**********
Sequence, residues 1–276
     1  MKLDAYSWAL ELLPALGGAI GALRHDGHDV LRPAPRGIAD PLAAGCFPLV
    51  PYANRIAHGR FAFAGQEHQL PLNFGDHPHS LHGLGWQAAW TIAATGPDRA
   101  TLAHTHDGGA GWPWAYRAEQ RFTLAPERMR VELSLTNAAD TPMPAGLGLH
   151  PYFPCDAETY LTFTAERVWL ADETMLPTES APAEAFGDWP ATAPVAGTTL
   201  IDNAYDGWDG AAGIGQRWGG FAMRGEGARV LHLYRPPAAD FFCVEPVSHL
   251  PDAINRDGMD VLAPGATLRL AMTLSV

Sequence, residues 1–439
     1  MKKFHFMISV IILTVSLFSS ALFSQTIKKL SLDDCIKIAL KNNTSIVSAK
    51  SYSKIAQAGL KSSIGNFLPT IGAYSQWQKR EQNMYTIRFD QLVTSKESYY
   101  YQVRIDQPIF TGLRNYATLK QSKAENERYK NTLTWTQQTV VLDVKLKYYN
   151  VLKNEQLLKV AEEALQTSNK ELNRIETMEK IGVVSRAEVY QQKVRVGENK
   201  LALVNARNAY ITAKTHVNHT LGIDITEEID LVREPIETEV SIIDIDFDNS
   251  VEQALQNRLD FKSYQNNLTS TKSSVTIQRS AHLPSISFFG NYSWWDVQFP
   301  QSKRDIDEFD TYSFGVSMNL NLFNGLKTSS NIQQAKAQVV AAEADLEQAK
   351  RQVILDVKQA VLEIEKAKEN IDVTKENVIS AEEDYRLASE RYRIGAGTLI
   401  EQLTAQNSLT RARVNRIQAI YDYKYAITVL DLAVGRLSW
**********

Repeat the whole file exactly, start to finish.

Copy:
Sequence, residues 1–276
     1  MKLDAYSWAL ELLPALGGAI GALRHDGHDV LRPAPRGIAD PLAAGCFPLV
    51  PYANRIAHGR FAFAGQEHQL PLNFGDHPHS LHGLGWQAAW TIAATGPDRA
   101  TLAHTHDGGA GWPWAYRAEQ RFTLAPERMR VELSLTNAAD TPMPAGLGLH
   151  PYFPCDAETY LTFTAERVWL ADETMLPTES APAEAFGDWP ATAPVAGTTL
   201  IDNAYDGWDG AAGIGQRWGG FAMRGEGARV LHLYRPPAAD FFCVEPVSHL
   251  PDAINRDGMD VLAPGATLRL AMTLSV

Sequence, residues 1–439
     1  MKKFHFMISV IILTVSLFSS ALFSQTIKKL SLDDCIKIAL KNNTSIVSAK
    51  SYSKIAQAGL KSSIGNFLPT IGAYSQWQKR EQNMYTIRFD QLVTSKESYY
   101  YQVRIDQPIF TGLRNYATLK QSKAENERYK NTLTWTQQTV VLDVKLKYYN
   151  VLKNEQLLKV AEEALQTSNK ELNRIETMEK IGVVSRAEVY QQKVRVGENK
   201  LALVNARNAY ITAKTHVNHT LGIDITEEID LVREPIETEV SIIDIDFDNS
   251  VEQALQNRLD FKSYQNNLTS TKSSVTIQRS AHLPSISFFG NYSWWDVQFP
   301  QSKRDIDEFD TYSFGVSMNL NLFNGLKTSS NIQQAKAQVV AAEADLEQAK
   351  RQVILDVKQA VLEIEKAKEN IDVTKENVIS AEEDYRLASE RYRIGAGTLI
   401  EQLTAQNSLT RARVNRIQAI YDYKYAITVL DLAVGRLSW